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First off today, as UK ISPs BT and TalkTalk prepare to take their case against the Digital Economy Act to the UK’S highest court, copyright holders and rights groups are blasting the ISPs’ continued opposition to the act. According to reps of both the Music Publishers Association and Warner Brothers, the time has come for the ISPs to stop trying to fight the law and start enforcing it. The law requires ISPs to pass along notification of alleged infringement to their customers and, after several warnings, sever Internet access to repeat infringers. The law also opens the door to the blocking of Internet sites deemed to be infringing, but the government has said they will not put that part into effect. Rightsholders applauded other ISPs, including Virgin and Sky for their cooperation with copyright holders.
Next up today, a case in Virginia involving a mass bittorrent lawsuit has drawn the attention of at least two other law firms engaged in the practice. The system, which involves filing lawsuits against a large number of unnammed defendants to get their personal information via subpoenas to their ISPs, came under fire in the court when the judge dismissed all but one of the defendants and called the process a “shake down”. The judge also ordered the plaintiff to explain why the litigation should be allowed at all. Fearing a ruling that could harm the entire industry, Steele Hansmeier, a law firm that handles similar lawsuits, filed an amicus brief in the matter through another firm, Anderson & Associates, which are also involved with such lawsuits. This is a sign that the parties are taking this ruling very seriously and are worried about its implications nation-wide.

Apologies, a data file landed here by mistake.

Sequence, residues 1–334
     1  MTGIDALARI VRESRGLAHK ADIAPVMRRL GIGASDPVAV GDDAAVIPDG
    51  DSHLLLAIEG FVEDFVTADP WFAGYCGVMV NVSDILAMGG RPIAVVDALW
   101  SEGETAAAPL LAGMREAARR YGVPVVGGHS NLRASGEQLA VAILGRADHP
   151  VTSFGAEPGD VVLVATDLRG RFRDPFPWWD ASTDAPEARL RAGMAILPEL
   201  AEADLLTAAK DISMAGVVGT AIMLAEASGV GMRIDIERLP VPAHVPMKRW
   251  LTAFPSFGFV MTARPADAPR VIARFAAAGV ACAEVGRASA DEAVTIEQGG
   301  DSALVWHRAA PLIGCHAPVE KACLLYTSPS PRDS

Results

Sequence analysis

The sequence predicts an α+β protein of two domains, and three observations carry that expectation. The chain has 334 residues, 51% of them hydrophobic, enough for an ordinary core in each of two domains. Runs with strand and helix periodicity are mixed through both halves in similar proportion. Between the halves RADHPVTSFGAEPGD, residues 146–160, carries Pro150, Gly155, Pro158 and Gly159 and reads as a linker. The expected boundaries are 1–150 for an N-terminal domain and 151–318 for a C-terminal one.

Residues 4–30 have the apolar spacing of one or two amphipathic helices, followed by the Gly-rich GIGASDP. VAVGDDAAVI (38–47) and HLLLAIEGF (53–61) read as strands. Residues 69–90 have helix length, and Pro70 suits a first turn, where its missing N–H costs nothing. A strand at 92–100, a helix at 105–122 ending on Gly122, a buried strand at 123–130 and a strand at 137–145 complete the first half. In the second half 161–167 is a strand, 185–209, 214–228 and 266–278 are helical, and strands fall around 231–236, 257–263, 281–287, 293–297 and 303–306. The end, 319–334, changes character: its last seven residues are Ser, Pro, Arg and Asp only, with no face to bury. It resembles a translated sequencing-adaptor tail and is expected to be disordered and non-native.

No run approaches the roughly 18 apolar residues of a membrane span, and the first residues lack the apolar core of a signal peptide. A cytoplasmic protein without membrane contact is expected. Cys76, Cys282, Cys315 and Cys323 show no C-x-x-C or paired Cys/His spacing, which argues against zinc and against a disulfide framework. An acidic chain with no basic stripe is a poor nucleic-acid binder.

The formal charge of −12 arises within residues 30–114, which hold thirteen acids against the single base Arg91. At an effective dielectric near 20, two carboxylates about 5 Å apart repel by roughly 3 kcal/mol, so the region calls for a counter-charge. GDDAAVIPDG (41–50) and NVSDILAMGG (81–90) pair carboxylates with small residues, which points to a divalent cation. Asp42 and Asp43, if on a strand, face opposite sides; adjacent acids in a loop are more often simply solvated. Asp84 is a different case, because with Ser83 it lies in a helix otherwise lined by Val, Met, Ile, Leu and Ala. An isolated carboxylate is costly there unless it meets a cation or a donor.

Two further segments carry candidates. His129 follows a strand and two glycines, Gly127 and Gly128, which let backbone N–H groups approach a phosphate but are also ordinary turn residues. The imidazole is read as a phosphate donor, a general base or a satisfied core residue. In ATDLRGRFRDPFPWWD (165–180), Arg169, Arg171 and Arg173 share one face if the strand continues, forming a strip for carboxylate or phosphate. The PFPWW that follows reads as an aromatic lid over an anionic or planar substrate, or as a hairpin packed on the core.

Finally today, a new campaign by the advocacy group Fight For the Future depicts teen pop sensation Justin Bieber behind bars. The campaign is an effort to protest proposed legislation in the U.S. that would make streaming, in some circumstances, a criminal offense punishable by up to five years in prison. Bieber famously got his start on YouTube where his singing of various popular songs caught the attention of Usher, who signed the artist. According to Fight For the Future, that could now land other artists in jail if the law passes.
That’s it for the three count today. We will be back tomorrow with three more copyright links. If you have a link that you want to suggest a link for the column or have any proposals to make it better. Feel free to leave a comment or send me an email. I hope to hear from you.
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